Maine’s intertwined economic and energy challenges have deep roots. We have the nation’s oldest housing and work force, greatest reliance on heating oil, and highest percentage of young people neither working pursuing education. Electricity costs are high, and Maine has the lowest income and education levels in New England.

We must turn these challenges into opportunity. Public and private investment in energy efficiency and local renewable power generation can save Maine’s economy billions and create good-paying, non-exportable jobs in every community, if we give our work force the skills to refashion our energy economy.

Across the country, the most effective model for meeting challenges like Maine’s energy crisis has been the “sector partnership model,” which unites stakeholders in an economic sector to lead training efforts across multiple firms for current and potential workers within the targeted industry sector.

One of Maine’s most successful sector partnerships and best kept educational secrets is the Joint Apprenticeship and Training Committee in Lewiston.

The JATC is managed by a board comprised, in equal numbers, of business and labor representatives. Its curriculum, training and credentials conferred guarantees graduates possess the skills businesses need.

An impressive 85 percent of those who start the training complete it and more than 90 percent of graduates are placed in good jobs. The JATC’s high completion and placement rates result from its “earn while you learn” training strategy. Apprentices work real jobs and get an education in a coordinated, streamlined program. When it comes time to find a job, these graduates already have one foot in the clean energy work force.

Sector partnerships like the JATC target resources by supporting the long-term competitiveness of industries and education, and training opportunities that lead to good-paying, green-skilled jobs. They unite stakeholders in a given industry — in this case, clean energy — to identify all needs for building the sector as a whole, and meeting those needs in a manner that maximizes economic opportunity for local people, particularly those with low incomes and other disadvantages for which a four-year college degree is not practical or possible.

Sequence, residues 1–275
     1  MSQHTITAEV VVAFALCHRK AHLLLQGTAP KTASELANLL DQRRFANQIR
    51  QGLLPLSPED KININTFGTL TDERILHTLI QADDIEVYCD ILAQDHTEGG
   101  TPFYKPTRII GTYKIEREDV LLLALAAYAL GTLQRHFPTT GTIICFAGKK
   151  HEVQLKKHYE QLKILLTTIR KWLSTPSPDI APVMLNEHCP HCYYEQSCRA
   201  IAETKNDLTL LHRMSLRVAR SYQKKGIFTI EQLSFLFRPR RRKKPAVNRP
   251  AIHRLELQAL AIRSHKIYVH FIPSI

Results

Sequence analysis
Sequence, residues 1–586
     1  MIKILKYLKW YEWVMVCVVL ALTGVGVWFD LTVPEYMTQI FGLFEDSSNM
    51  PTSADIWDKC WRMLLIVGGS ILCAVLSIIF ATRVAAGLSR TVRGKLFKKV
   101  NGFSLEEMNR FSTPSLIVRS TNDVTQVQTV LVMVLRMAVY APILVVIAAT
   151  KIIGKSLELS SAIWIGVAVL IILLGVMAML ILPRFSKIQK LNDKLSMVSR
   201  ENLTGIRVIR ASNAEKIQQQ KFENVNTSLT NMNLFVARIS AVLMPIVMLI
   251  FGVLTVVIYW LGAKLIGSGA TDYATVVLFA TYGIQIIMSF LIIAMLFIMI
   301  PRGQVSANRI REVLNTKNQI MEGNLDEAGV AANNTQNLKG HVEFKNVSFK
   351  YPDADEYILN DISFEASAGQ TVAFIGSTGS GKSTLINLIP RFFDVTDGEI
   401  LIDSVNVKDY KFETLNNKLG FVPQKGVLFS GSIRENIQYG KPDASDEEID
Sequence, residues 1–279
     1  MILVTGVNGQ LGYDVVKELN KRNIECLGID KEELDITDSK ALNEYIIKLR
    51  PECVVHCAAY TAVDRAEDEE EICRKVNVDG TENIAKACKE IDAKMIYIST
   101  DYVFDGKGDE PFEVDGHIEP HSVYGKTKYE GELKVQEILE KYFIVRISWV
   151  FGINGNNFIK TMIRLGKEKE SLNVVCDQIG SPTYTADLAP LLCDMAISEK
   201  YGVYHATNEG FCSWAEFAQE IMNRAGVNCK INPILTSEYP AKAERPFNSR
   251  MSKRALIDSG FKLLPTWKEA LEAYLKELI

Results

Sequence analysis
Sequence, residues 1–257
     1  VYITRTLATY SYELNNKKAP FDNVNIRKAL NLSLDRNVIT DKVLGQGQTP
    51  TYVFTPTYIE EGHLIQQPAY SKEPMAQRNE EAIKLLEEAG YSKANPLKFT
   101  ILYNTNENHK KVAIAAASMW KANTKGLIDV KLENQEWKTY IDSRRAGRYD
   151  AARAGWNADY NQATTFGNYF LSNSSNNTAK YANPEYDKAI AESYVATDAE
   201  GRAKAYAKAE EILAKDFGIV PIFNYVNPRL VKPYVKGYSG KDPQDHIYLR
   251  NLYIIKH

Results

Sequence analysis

We are setting ourselves up for failure if we build a renewable energy market without developing a high-quality work force, and if we don’t parlay our clean energy and work force investments into opportunities to bring renewable energy component manufacturing to Maine. Currently, over half of all wind components, 90 percent of solar components and 100 percent of advanced battery technology is manufactured elsewhere.

It will mean little to American workers if the clean energy economy is built in China.

Meeting our energy needs and manufacturing the products to do it requires greater coordination and innovation than now exists. Workers must be trained for jobs that exist today and will exist in greater numbers as the clean energy economy expands. Both Maine and the federal government have taken promising steps in this direction, but require bolder action.

One of the most promising developments is the federal SECTORS Act (Strengthening Employment Clusters to Organize Regional Success). It would provide state grants to establish or expand sector partnerships, allowing businesses, work force development boards, labor unions and community colleges to collaborate to determine work force and community needs and link skilled workers with emerging industries. Sen. Olympia Snowe is a lead sponsor, and Rep. Mike Michaud has championed SECTORS in the House.

Additionally, the Senate must now pass the American Clean Energy & Security Act, which will implement substantial energy market reforms and work force investments in the clean energy sector. This legislation, with the new Efficiency Maine Trust, clean energy investments and reforms Opportunity Maine has proposed at the state level, and the work force investments contained in the SECTORS Act and epitomized by successful partnerships like the JATC, can turn an energy crisis into an opportunity for prosperity for this and future Maine generations.

Don Berry is the director of the JATC. Rob Brown is the executive director of Opportunity Maine. E-mail: [email protected] or [email protected].


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